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Key Economic Indicators
Item Rate
CPI: 0.1% (Jul 2017) 
GDP Growth: 3% (2nd Qtr 2017)
Bank Prime Interest Rate: 4.25%
Consumer Confidence: 122.9% (Aug 2017)
Small Biz Confidence: 105.2% (Jul 2017)
Avg Gas Price: $2.66










26 January 2012


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Is SOPA Bad for Your Small Business

SOPA was introduced in the House by Representative Lamar Smith (TX) on 18 January 2011, in the House Judiciary Committee.  It was co-sponsored by 31 Representatives, 8 of whom who later withdrew their co-sponsorship in January 2012.

The Stop Online Piracy Act (SOPA) was introduced in the house and Protect IP Act (PIPA) was initiated in the Senate.  The aim of these acts was to stop original content from being illegally duplicated and shared over the Internet without the consent of the owner.  It was particularly aimed at overseas companies with business links in the U.S.

Companies found in violation (especially repeated offenders) could be punished with 1-20 years in prison and received up to $20,000,000 in fines.

The Act targets Service Providers, Search Engines and Advertisers for enforcement.  It requires these entities to enforce court orders to shut down offshore sites that are using their services within 5 days of receiving such orders. 

We’ve seen major sites such as Wikipedia, and Google joined with many other sites to launch a protest against this bill.  So, why the uproar?  Even though this law was aimed at overseas companies the real targeted was any company or individual that engages in the illegal copyright of original content.  When you consider what could be covered under this umbrella it is easy to see how it could negatively impact the Internet and businesses big and small.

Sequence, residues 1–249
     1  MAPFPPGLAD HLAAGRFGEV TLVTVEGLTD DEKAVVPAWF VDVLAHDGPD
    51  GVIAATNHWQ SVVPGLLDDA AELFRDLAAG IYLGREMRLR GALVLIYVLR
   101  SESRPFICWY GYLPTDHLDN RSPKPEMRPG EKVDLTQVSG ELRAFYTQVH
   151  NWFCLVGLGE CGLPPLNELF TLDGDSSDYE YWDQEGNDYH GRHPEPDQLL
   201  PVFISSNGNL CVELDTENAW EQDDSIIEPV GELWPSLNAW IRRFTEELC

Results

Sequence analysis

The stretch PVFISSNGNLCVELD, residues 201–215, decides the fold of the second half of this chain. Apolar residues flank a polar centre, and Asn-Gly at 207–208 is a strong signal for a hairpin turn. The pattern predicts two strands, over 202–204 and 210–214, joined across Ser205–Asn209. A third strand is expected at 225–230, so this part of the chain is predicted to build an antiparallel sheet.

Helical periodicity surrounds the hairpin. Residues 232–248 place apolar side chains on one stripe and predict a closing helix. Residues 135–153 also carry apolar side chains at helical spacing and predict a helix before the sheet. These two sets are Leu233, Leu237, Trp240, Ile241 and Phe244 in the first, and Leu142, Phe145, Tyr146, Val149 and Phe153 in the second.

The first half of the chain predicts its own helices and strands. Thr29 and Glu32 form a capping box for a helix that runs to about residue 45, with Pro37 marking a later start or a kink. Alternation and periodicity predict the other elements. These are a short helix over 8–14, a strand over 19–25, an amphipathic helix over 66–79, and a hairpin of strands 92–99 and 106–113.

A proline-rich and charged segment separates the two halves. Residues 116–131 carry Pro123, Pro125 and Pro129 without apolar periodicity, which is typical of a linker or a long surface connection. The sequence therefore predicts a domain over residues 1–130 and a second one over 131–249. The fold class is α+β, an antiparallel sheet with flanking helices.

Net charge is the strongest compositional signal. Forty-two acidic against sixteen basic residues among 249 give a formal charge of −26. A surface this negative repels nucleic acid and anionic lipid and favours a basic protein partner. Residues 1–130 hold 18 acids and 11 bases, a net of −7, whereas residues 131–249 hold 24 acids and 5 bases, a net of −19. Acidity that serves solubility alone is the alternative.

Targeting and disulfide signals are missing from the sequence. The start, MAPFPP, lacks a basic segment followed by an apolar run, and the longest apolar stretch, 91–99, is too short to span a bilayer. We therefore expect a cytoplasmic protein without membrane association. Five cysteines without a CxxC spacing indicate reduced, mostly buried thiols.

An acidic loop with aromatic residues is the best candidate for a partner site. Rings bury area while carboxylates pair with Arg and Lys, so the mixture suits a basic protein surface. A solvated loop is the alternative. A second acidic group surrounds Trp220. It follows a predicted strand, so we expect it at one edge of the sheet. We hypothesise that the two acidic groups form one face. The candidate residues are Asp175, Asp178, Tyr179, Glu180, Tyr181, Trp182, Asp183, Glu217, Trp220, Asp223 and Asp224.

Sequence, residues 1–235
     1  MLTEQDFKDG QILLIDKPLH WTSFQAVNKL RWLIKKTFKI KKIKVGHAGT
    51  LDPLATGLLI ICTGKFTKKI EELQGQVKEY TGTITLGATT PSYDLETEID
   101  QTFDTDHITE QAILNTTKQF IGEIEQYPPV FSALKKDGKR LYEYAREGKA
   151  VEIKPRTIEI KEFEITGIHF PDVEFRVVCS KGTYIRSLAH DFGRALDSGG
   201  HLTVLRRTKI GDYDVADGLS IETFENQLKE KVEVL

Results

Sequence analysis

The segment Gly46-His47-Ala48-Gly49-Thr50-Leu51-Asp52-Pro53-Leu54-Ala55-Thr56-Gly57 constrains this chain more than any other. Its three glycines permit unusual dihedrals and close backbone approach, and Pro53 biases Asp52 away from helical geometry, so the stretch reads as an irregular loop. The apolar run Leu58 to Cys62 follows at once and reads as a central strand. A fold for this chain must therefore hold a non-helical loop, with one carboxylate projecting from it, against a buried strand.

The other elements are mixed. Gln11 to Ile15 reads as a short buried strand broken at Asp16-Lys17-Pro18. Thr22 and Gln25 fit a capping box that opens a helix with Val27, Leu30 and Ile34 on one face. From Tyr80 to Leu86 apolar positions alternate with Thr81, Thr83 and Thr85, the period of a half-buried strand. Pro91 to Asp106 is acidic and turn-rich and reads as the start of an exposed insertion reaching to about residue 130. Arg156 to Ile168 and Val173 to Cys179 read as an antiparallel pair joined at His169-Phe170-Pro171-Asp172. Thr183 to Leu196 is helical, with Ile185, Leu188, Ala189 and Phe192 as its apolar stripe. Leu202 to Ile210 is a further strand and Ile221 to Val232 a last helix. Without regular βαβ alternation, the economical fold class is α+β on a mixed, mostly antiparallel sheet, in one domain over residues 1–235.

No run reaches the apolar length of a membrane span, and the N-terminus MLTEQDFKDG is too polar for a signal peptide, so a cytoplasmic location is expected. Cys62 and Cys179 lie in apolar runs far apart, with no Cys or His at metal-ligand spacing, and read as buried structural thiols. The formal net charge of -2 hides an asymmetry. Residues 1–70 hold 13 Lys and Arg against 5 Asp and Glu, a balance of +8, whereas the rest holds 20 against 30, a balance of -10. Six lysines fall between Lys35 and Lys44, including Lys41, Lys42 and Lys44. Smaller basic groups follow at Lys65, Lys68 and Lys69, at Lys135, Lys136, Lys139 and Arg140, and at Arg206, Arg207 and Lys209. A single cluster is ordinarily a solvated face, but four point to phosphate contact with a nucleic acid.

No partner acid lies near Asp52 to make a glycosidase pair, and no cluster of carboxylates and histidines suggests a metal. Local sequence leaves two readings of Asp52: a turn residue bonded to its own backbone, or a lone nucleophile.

Consider sites like Youtube and Facebook where people upload and share music videos that they’ve created using someone else’s lyrics.  This would be considered illegal and a target of the act.  Legitimate businesses that use a company’s information to offer commentary on the company could be targeted as well.  Companies receiving the criticism they don’t considered to be favorable can use SOPA to go after their critics. 

Let’s say you have a party at your place and you made a video of it and shared it on the web.  One of the members in attendance who got picked up on the video complains that you didn’t get her permission to show the video, and invokes SOPA.  Now you’re in trouble with the law.

Like many good laws that started with good intentions and aimed at a particular segment, SOPA could be used to do more harm than good.  In the long run it is the little guys, who is least aware of the law and can least afford to defend against it, who will suffer the most. 

The good news is that this bill appears to be stopped by the very people who brought it to life.  On 20 January 2012 the House and Senate delayed action on the bill.

Thomas Register
Cornell Law

By Owen Daniels










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